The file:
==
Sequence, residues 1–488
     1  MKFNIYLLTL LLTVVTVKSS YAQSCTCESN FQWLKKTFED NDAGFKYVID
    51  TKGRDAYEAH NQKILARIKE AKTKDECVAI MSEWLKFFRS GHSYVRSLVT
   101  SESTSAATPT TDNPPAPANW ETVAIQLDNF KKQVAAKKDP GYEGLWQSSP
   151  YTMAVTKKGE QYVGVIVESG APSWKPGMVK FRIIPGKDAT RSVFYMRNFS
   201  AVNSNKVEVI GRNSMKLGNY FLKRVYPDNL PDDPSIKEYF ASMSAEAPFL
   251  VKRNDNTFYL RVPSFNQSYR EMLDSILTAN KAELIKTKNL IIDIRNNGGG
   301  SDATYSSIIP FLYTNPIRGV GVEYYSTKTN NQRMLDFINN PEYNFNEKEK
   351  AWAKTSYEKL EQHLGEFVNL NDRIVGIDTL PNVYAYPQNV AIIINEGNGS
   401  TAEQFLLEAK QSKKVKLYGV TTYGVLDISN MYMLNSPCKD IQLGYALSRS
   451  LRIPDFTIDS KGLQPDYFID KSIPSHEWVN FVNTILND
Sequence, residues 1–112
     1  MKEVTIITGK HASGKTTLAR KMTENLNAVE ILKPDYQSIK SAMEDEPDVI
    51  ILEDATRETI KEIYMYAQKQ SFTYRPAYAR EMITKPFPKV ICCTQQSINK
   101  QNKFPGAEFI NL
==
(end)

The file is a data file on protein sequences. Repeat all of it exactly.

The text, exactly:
Sequence, residues 1–488
     1  MKFNIYLLTL LLTVVTVKSS YAQSCTCESN FQWLKKTFED NDAGFKYVID
    51  TKGRDAYEAH NQKILARIKE AKTKDECVAI MSEWLKFFRS GHSYVRSLVT
   101  SESTSAATPT TDNPPAPANW ETVAIQLDNF KKQVAAKKDP GYEGLWQSSP
   151  YTMAVTKKGE QYVGVIVESG APSWKPGMVK FRIIPGKDAT RSVFYMRNFS
   201  AVNSNKVEVI GRNSMKLGNY FLKRVYPDNL PDDPSIKEYF ASMSAEAPFL
   251  VKRNDNTFYL RVPSFNQSYR EMLDSILTAN KAELIKTKNL IIDIRNNGGG
   301  SDATYSSIIP FLYTNPIRGV GVEYYSTKTN NQRMLDFINN PEYNFNEKEK
   351  AWAKTSYEKL EQHLGEFVNL NDRIVGIDTL PNVYAYPQNV AIIINEGNGS
   401  TAEQFLLEAK QSKKVKLYGV TTYGVLDISN MYMLNSPCKD IQLGYALSRS
   451  LRIPDFTIDS KGLQPDYFID KSIPSHEWVN FVNTILND
Sequence, residues 1–112
     1  MKEVTIITGK HASGKTTLAR KMTENLNAVE ILKPDYQSIK SAMEDEPDVI
    51  ILEDATRETI KEIYMYAQKQ SFTYRPAYAR EMITKPFPKV ICCTQQSINK
   101  QNKFPGAEFI NL